Our news coverage needs to embrace unorthodox views and contrarian opinions and to portray lives both more radical and more conservative than those most of us experience. We need to listen carefully to colleagues who are at home in realms that are not familiar to most of us.

Or this one on the way “cumulative coverage” can reflect hidden assumptions:

Though we have our lapses, individual news stories on emotional topics like abortion, gun control, the death penalty and gay marriage are reported and edited with great care, to avoid any impression of bias. Nonetheless, when numerous articles use the same assumption as a point of departure, that monotone can leave the false impression that the paper has chosen sides… despite the strict divide between editorial pages and news pages, The Times can come across as an advocate.

Or this one on how “framing” issues in one way excludes others:

The public editor found that the overall tone of our coverage of gay marriage, as one example, “approaches cheerleading.” By consistently framing the issue as a civil rights matter—gays fighting for the right to be treated like everyone else—we failed to convey how disturbing the issue is in many corners of American social, cultural and religious life.

“The public editor found…” This gets to the Okrent effect that may be the most lasting. There were a lot of ways he could have done the job; after all, he was inventing it from scratch. The key choice he made actually began with the choice Keller made to appoint an outsider. Not only had Okrent never worked at the Times; he had no newspaper background to speak of. This meant he could never speak with the authority of daily newsoom experience, which is virtually the only kind of authority newspaper journalists respect on questions of practice.

He didn’t have that. So what did he have? Okrent grasped right away that while having space in the paper, and an 18-month appointment from Keller gave him a certain power to shame and expose, his only source of authority, which is a different thing, lay with readers themselves, and his capacity actually to represent them.

His most intelligent move, in my opinion, was to define himself not as a colleague with the public editor’s job, or as an outside critic, but as a kind of super-reader, or “reader with access.” Meaning that unlike you and I, he could get answers, and put those answers in the paper. In Jacques Steinberg’s article announcing Okrent’s appointment, this philosophy was already on view:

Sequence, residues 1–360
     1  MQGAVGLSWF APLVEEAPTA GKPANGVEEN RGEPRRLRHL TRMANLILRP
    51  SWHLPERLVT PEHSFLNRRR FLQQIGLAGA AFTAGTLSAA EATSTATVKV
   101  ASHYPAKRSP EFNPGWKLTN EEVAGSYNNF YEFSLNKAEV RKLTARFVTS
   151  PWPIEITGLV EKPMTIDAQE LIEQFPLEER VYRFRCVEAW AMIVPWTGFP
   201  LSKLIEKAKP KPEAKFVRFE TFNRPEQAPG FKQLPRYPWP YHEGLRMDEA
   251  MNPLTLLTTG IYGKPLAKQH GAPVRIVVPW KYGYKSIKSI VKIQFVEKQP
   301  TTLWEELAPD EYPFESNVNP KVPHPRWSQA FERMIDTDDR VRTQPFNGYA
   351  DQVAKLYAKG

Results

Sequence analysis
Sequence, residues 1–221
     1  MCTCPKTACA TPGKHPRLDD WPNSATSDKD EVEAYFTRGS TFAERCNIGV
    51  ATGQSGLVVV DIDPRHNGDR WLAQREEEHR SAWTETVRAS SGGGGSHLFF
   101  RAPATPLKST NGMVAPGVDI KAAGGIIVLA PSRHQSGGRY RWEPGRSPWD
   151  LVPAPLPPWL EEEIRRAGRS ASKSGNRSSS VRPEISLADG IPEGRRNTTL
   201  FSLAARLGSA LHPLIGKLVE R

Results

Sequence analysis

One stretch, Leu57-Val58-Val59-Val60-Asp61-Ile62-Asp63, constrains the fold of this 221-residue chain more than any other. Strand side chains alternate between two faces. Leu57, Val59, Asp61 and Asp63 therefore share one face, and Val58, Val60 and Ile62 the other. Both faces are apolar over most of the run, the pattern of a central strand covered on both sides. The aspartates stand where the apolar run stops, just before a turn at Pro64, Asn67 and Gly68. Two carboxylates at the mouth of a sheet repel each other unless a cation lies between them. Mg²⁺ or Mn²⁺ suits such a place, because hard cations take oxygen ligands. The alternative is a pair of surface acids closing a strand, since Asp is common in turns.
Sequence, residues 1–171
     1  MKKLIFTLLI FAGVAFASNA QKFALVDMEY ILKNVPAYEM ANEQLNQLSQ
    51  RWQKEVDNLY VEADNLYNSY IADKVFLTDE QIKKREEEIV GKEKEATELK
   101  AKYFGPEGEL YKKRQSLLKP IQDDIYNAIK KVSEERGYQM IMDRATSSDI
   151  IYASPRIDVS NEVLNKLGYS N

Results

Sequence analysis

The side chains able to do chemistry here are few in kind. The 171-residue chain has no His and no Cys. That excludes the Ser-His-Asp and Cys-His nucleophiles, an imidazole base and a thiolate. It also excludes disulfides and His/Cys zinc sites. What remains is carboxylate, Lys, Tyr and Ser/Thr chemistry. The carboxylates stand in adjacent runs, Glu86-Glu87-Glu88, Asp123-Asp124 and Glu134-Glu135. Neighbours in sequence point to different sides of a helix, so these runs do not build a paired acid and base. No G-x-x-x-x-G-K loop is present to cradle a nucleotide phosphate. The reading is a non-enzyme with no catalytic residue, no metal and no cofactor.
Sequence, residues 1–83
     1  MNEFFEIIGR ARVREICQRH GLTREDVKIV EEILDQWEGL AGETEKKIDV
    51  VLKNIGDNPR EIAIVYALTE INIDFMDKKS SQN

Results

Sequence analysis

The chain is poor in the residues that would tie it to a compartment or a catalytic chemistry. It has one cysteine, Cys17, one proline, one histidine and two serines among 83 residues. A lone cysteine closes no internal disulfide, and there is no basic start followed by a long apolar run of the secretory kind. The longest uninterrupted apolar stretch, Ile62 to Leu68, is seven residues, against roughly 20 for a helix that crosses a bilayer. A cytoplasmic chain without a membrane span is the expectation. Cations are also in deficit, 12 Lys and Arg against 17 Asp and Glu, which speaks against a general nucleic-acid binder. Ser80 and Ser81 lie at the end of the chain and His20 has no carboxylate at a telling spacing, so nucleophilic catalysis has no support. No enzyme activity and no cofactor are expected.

Unlike most of the reader representatives at other newspapers, Mr. Okrent said, he does not intend to write internal memorandums to the newspaper staff, saying the readers were his constituency.

Part of creating the office of public editor was working out the procedures by which he could interrupt busy people, pose annoying questions and get replies from editors, reporters and bosses at the Times. Another part was taming the tide of incoming e-mails and phone calls so that his sense of what his contituency was worried about could be empirically grounded. Thus:

Dan Okrent, the public editor, told the committee that when readers complain to him, anonymous sourcing is the No. 1 killer of our credibility. We cannot afford to ignore that finding.

Indeed. And they could not afford to ignore Okrent because he had successfully tapped his only source of authority. Everything journalists at the Times do they allegedly due in the name of the Times reader. But that is an abstraction, and all too many journalists like it that way. The Reader as a distant god to be served is a way of not dealing with the messy responses of actual readers— sometimes called “real people” by newsroom inhabitants.

When the second Siegal committee tested other channels the Times had set up for receiving complaints or feedback from readers, it found “dismal results.” Meaning: no reply most of the time from the various desks responsible. But those who have tested the public editor’s office have generally found the opposite. Okrent or his office actually answer. This has become a standard the newspaper as a whole wants to meet; and there are many on the staff who do meet it— but not enough of them.

Numerous bloggers and critics of the paper—including myself—can testify to what Donald Luskin called a “productive relationship” with Okrent, who seems genuinely interested in what we have to say. (Ask Robert Cox.) This in itself is new. We’ll have to establish that all over again with Byron E. Calame, but I am hopeful it will happen.

I write today in praise of Daniel Okrent because he did a good job, but mostly because of the way he defined his job: the reader with total access, the writer weighing every word, a thinker willing to go outside the Times for better ways to understand it. He became that decisive symbol of accountability; the experiment has, I think, been a success.